If x $\in$ A

since A$\subset$ B so x $\in$ B

Hence, A $\cup$ B = B

and If x $\in$ B then also A $\cup$ B = B.

Now, let A $\cup$ B = B
To prove : A$\subset$ B

Suppose : x $\in$A

A $\subset$ A $\cup$ B so x $\in$ A $\cup$ B

A $\cup$ B = B so x $\in$ B

Hence,A$\subset$ B

ALSO, A$\subset$ B $\Leftrightarrow$ A $\cup$ B = B

NOW, we need to show A $\subset$ B $\Leftrightarrow$ A $\cap$ B = A

Let A $\subset$ B

To prove : A $\cap$ B = A

Suppose : x $\in$ A

We know A $\cap$ B $\subset$ A

x $\in$ A $\cap$ B Also ,A $\subset$ A $\cap$ B

Hence, A $\cap$ B = A

Let A $\cap$ B = A

To prove : A $\subset$ B

Suppose : x $\in$ A

x $\in$ A $\cap$ B ( replacing A by A $\cap$ B )

x $\in$ A and x $\in$ B

$\therefore$ A $\subset$ B

A $\subset$ B $\Leftrightarrow$ A $\cap$ B = A

Given , A $\subset$ B

To prove : C – B $\subset$ C – A

Let, x $\in$ C - B means x$\in$ C but x$\notin$B

A $\subset$ B so x$\in$ C but x$\notin$A i.e. x $\in$ C - A

Hence, C – B $\subset$ C – A

Given, P ( A ) = P ( B )

To prove : A = B

Let, x$\in$ A

A $\in$ P ( A ) = P ( B )

For some C $\in$ P ( B ) , x $\in$ C

Here, C $\subset$ B

Therefore, x $\in$ B and A $\subset$ B

Similarly we can say B $\subset$ A.

Hence, A = B

No, it is false.

To prove : P ( A ) ∪ P ( B ) $\neq$ P ( A ∪ B )

Let, A = {1,3} and B = {3,4}

A $\cup$ B = {1,3,4}

P(A) = { {$\phi$},{1},{3},{1,3}}

P(B) = { {$\phi$},{3},{4},{3,4}}

L.H.S = P(A) $\cup$ P(B) = { {$\phi$},{1},{3},{1,3},{3,4},{4}}

R.H.S.= P(A $\cup$ B) = { {$\phi$},{1},{3},{1,3},{3,4},{4},{1,4},{1,3,4}}

Hence, L.H.S.$\neq$ R.H.S

Question:8 Show that for any sets A and B,

A = ( A $\cap$ B ) $\cup$ ( A – B ) and A $\cup$ ( B – A ) = ( A $\cup$ B )

A = ( A $\cap$ B ) $\cup$ ( A – B )

L.H.S = A = Red coloured area

R.H.S = ( A $\cap$ B ) $\cup$ ( A – B )

( A $\cap$ B ) = green coloured

( A – B ) = yellow coloured

( A $\cap$ B ) $\cup$ ( A – B ) = coloured part

Hence, L.H.S = R.H.S = Coloured part

A $\cup$ ( B – A ) = ( A $\cup$ B )

A = sky blue coloured

( B – A )=pink coloured

L.H.S = A $\cup$ ( B – A ) = sky blue coloured + pink coloured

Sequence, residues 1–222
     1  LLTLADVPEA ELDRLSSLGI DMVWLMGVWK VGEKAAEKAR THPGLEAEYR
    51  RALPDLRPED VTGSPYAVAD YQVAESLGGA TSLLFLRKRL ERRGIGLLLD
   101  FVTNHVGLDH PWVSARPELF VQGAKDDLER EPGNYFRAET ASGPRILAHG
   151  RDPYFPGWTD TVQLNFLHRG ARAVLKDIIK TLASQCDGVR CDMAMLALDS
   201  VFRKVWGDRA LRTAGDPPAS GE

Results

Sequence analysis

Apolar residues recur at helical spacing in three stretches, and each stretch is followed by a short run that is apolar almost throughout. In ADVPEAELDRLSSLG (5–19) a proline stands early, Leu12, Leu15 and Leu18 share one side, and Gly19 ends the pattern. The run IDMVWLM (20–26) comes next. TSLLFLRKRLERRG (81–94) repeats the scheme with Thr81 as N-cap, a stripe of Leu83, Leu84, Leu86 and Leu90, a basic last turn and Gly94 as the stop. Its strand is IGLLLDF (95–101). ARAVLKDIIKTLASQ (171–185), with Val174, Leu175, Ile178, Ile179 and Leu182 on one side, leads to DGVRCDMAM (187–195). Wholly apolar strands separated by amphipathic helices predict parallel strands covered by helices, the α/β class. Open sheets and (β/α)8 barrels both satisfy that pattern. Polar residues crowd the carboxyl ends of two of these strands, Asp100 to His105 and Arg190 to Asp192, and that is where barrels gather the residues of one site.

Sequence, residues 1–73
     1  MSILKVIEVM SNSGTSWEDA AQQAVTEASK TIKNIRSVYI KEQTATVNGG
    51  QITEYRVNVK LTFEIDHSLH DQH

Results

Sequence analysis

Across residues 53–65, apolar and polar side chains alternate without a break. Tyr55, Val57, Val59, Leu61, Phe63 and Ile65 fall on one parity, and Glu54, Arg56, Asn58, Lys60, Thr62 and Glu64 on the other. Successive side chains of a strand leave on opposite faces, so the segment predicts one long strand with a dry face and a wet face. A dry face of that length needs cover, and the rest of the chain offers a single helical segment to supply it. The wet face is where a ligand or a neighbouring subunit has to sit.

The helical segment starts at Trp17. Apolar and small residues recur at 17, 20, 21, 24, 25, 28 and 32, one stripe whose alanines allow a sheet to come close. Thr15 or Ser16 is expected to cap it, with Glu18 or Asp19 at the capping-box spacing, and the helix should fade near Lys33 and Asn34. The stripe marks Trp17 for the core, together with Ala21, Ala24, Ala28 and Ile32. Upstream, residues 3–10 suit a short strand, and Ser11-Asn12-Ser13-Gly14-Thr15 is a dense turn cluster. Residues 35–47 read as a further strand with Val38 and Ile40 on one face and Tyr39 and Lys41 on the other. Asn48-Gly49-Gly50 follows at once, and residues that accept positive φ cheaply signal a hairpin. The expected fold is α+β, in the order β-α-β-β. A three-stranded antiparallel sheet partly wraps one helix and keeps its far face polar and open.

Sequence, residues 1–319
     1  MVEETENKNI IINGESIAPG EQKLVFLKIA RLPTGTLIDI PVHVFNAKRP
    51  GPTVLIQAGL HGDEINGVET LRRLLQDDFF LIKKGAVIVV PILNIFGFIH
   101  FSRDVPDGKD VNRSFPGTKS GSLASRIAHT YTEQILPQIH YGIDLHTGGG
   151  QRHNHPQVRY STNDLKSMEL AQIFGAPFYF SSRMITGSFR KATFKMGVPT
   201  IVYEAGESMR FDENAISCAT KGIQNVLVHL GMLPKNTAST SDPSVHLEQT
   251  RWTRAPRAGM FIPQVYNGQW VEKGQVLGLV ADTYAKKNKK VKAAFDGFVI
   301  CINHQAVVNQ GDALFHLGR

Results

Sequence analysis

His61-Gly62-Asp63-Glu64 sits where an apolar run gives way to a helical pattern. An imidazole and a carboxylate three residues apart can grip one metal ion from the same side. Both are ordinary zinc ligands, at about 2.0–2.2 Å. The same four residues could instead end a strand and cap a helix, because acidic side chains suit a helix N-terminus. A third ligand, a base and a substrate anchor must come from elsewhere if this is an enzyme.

R.H.S = ( A $\cup$ B ) = brown coloured part

L.H.S = R.H.S = Coloured part

Question:9(i) Using properties of sets, show that

A $\cup$ ( A $\cap$ B ) = A

(i) A $\cup$ ( A $\cap$ B ) = A

We know that A $\subset$ A

and A $\cap$ B $\subset$ A

A $\cup$ ( A $\cap$ B ) $\subset$ A

and also , A $\subset$ A $\cup$ ( A $\cap$ B )

Hence, A $\cup$ ( A $\cap$ B ) = A

Question:9(ii) Using properties of sets, show that

A $\cap$ ( A $\cup$ B ) = A

This can be solved as follows

(ii) A $\cap$ ( A $\cup$ B ) = A

A $\cap$ ( A $\cup$ B ) = (A $\cap$ A) $\cup$ ( A $\cap$ B )

A $\cap$ ( A $\cup$ B ) = A $\cup$ ( A $\cap$ B ) { A $\cup$ ( A $\cap$ B ) = A proved in 9(i)}

A $\cap$ ( A $\cup$ B ) = A

Let, A = {0,1,2}

B = {1,2,3}

C = {1,2,3,4,5}

Given, A $\cap$ B = A $\cap$ C

L.H.S : A $\cap$ B = {1,2}

R.H.S : A $\cap$ C = {1,2}

and here {1,2,3} $\not =$ {1,2,3,4,5} = B $\not =$ C.

Hence, A $\cap$ B = A $\cap$ C need not imply B = C.

Given, A $\cap$ X $=$B $\cap$ X $=$ $\phi$ and A $\cup$ X $=$ B $\cup$ X

To prove: A = B

A = A $\cap$(A$\cup$X) (A $\cap$ X $=$B $\cap$ X)

= A $\cap$(B$\cup$X)

= (A$\cap$B) $\cup$ (A$\cap$X)

= (A$\cap$B) $\cup$ $\phi$ (A $\cap$ X $=$ $\phi$)

= (A$\cap$B)

B = B $\cap$(B$\cup$X) (A $\cap$ X $=$B $\cap$ X)

= B $\cap$(A$\cup$X)

= (B$\cap$A) $\cup$ (B$\cap$X)

= (B$\cap$A) $\cup$ $\phi$ (B $\cap$ X $=$ $\phi$)

= (B$\cap$A)

We know that (A$\cap$B) = (B$\cap$A) = A = B

Hence, A = B

Given, A $\cap$ B, B $\cap$ C and A $\cap$ C are non-empty sets

To prove : A $\cap$ B $\cap$ C $=$ $\phi$

Let A = {1,2}

B = {1,3}

C = {3,2}

Here, A $\cap$ B = {1}

B $\cap$ C = {3}

A $\cap$ C = {2}

and A $\cap$ B $\cap$ C $=$ $\phi$

n ( taking tea) = 150

n (taking coffee) = 225

n ( taking both ) = 100

n(people taking tea or coffee) = n ( taking tea) + n (taking coffee) - n ( taking both )

= 150 + 225 - 100

=375 - 100

= 275

Total students = 600

n(students taking neither tea nor coffee ) = 600 - 275 = 325

Hence,325 students were taking neither tea nor coffee.

n (hindi ) = 100

n (english ) = 50

n(both) = 25

n(students in the group ) = n (hindi ) + n (english ) - n(both)

= 100 + 50 - 25

= 125

Hence,there are 125 students in the group.

(i) the number of people who read at least one of the newspapers.

(ii) the number of people who read exactly one newspaper.

n(H) = 25

n(T) = 26

n(I) = 26

n(H $\cap$ I) = 9

n( T $\cap$ I ) = 8

n( H $\cap$ T ) = 11

n(H $\cap$ T $\cap$ I ) = 3